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Tool adds machine learning classification to small MCUs

Technology News |
By Ally Winning

French embedded AI startup Cartesiam has developed a tool to add machine learning classification to small microcontrollers which is being used in a sensor board by Bosch.

“Edge AI is huge, it’s like a tsunami,” said Joël Rubino, CEO and co-founder at Cartesiam talking to eeNews Europe. “We started in 2016 with this idea that there are billions of machines that are generating data and we need to listen to that data with a different approach, not to stream it to the cloud but to focus on the edge.”

The first version of the NanoEdge AI Studio tool, launched in February 2020, allows anomaly detection on ARM Cortex-M 32bit microcontrollers such as those from STMicroelectronics, Microchip and Renesas. The tool provides algorithm selection, optimisation and quantisation to create the library in around 4Kbytes that flags an anomaly in a signal. This is aimed at preventative maintenance.

“The technology giants in the cloud busines are all interested in the edge, not to run at the edge but to capture data from the edge,” said Rubino. “We started with the idea that our playground is the microcontroller, so we hired PhDs in machine learning and signal processing to rewrite the ML and signal processing algorithms to run in a microcontroller. It was a lot of hard work to test that in real environments, but V1 was mathematically correct and industrially proven,” he said.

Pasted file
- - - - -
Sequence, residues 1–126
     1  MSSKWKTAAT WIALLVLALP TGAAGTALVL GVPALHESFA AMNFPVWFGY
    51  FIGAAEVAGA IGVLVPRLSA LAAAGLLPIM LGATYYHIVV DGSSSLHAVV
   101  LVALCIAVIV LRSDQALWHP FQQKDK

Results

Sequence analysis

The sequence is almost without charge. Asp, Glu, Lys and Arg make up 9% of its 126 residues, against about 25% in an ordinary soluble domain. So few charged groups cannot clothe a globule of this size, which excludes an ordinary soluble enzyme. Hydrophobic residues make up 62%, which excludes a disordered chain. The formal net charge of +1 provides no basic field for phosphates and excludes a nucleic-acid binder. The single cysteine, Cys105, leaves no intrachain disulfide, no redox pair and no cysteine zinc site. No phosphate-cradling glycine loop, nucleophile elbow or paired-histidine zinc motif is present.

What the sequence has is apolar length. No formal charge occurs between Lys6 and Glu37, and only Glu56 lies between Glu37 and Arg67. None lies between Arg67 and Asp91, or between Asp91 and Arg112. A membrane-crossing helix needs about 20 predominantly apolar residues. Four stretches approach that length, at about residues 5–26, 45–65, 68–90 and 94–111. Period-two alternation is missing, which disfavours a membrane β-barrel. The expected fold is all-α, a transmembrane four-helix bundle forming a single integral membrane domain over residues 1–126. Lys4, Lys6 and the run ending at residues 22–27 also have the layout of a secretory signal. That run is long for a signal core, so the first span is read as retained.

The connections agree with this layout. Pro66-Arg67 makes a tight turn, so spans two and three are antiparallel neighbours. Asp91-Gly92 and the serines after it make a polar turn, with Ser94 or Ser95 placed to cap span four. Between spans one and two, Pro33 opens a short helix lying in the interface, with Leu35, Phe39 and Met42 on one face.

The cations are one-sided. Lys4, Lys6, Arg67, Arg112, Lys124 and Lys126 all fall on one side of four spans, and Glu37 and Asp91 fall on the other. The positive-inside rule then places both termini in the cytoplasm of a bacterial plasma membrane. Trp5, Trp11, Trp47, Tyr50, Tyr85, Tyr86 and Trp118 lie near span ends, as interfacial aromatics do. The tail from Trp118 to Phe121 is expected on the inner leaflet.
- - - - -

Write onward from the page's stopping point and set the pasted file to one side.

Version two now allows a classification library to be built to identify the source of the anomaly from training data. This is built on a PC without using the cloud, and incorporated as a library in firmware in an edge AI design. This allows the classification library only to be called when an anomaly is detected for lower power operation. It can also be updated separately from the anomaly engine.

The company is to add the AI tool to an eight IoT sensor board from Bosch.

“For Bosch Connected Devices and Solutions, Cartesiam’s NanoEdge AI Studio is a natural fit as it perfectly extends our major existing IoT product line — the Cross Domain Development Kit, the XDK,” said Dr Ando Feyh, head of technical responsibility at Bosch Connected Devices and Solutions. “With its range of eight sensors, the XDK platform lets designers monitor, control and analyze processes remotely via Bluetooth or Wi-Fi, enabling our customers to quickly create more intelligent connected machines. NanoEdge AI Studio V2 increases the XDK’s unique functionality, providing the ability to process data for anomaly detection and classification for one or more sensors. Given this, we plan to use Cartesiam’s platform in a wide range of internal and external projects, and are closely working together with Cartesiam on a NanoEdge AI Studio integration with our XDK.”

“We initially designed NanoEdge AI Studio to meet demand from our customers in predictive maintenance, who, having accumulated data on the use of their equipment, asked us to help them easily qualify their events as well as to anticipate them,” said Rubino. “The new version of our IDE allows them to develop a classification library without the usual challenges associated with signal processing and machine learning skills. This dramatically reduces costs and speeds time to market.”

Cartesiam has also launched a web-based platform with real edge AI datasets that can be used in the tool. These include air conditioning ventilator obstruction detection, breast cancer detection and vacuum-bag volume detection and Rubino says it will continuously enhance the portal with additional datasets.

www.cartesiam.ai

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